Wednesday, March 27, 2013

Flower Garden Doily & English History

I finished my Grandmother's Flower Garden Potholder pattern last night. 

 I didn't make it as a two-sided potholder. 


You can read more details regarding this project (here) at Ravelry.


I revised the edging to a round of green single crochet, another round of cream single crochet and a final round of *single crochet in next stitch, spiked double crochet into the next stitch's previous round* repeat from * to * around in green.


I'm using it as either a doily or a dishcloth.

You can purchase the pattern (here).


Today we visited our local Barnes and Nobles bookstore to pick up some current guide books for Great Britain and London for our Grand Circle Tour of England/Wales/Scotland next month.

The Michelin London book is from 1997 when Hubby took his first and only solo trip to Europe.

We have some free time in London so we're making a list of our must sees. 


I love English History.  

My love of English History started at an early age when I read a book in my Mother's bookcase entitled, "Forever Amber" by Kathleen Winsor.    It's still one of my most favorite historical romance novels.  It's set in 17th Century England during the reign of Charles II.  "Forever Amber" tells the story of orphaned Amber St. Clare, who makes her way up through the ranks of 17th century English society by sleeping with and/or marrying successively richer and more important men, while keeping her love for the man she could never have, Bruce Carlton.  The novel includes portrayals of Restoration fashion, politics, and public disasters, including the plague and the Great Fire of London.  I was sad to learn that the publishers edited the fifth draft of Ms. Winsor's book down to one-fifth of its original size to its published size of 972 pages.   I would have loved to read all of it before it was edited down.  Believe it or not, it was the best-selling US novel of the 1940s.  It was also responsible for popularizing "Amber" as a given name for girls in the 20th century.  And to this day it's still my favorite name for a girl.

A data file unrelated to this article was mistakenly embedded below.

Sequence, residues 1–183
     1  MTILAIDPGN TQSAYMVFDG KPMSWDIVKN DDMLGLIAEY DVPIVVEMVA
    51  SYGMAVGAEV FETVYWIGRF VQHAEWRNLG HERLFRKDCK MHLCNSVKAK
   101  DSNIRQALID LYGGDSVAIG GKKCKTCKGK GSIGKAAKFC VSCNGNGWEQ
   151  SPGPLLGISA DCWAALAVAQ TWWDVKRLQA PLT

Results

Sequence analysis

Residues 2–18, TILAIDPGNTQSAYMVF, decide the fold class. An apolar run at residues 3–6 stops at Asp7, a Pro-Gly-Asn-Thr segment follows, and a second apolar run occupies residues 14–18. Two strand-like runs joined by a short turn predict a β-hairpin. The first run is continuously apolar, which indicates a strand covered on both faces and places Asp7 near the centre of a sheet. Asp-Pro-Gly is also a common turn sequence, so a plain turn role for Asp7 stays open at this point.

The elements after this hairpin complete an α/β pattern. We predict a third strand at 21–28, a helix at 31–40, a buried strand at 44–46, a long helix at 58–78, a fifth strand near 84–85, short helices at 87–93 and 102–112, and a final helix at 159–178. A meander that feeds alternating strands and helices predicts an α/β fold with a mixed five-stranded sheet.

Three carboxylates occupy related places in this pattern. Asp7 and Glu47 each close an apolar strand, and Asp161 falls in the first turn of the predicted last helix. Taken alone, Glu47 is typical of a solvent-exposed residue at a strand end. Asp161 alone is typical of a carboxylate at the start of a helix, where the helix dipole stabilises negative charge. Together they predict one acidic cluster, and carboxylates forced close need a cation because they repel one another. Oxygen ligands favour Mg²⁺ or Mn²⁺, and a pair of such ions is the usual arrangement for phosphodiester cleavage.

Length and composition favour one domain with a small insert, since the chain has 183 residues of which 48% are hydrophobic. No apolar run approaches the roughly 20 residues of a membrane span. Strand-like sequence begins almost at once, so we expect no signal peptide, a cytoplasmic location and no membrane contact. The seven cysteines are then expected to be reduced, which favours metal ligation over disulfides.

I just finished reading "Pillars of the Earth" by Ken Follett and last night I started its sequel, "World Without End".  Both of Mr. Follett's historical English novels have been made into TV mini-series.   There are excellent reviews for the first TV mini-series but many reviewers felt the second TV mini-series didn't follow Mr. Follett's sequel book at all.  I have seen both TV mini-series but can't pass judgement on the second one until I finish the novel.     

Anyways... Hubby bought the book "British History for DUMMIES" because he doesn't read as many any historical English novels like I do and needs a crash course.    


This book is so funny and presents its topic in an easy-to-read manner.


And, of course, we needed a more serious look at British History too. 

Our packing for our trip across the pond is almost done.

And we still have a few weeks before we leave.

So we are in good shape.

Just getting a little more excited as the time goes by.


Yesterday I updated our chalkboard sign for Easter.

That's it for Easter decorations here.




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3 comments:

  1. Such a pretty spring green! Happy Easter, Sandy. xo

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  2. I'm so glad you've been reading up on British history before your trip. It's amazing to see so much still preserved over there. I'm so excited about your trip for you. I know you are going to enjoy it.

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  3. Happy easter dear Sandy.;) I hope it is getting warmer for you, here we are celebrating Easter in snow, well that's a first one.;)
    I am sure you are very excited about your upcoming UK trip, those books look very interesting.;)
    xoxo

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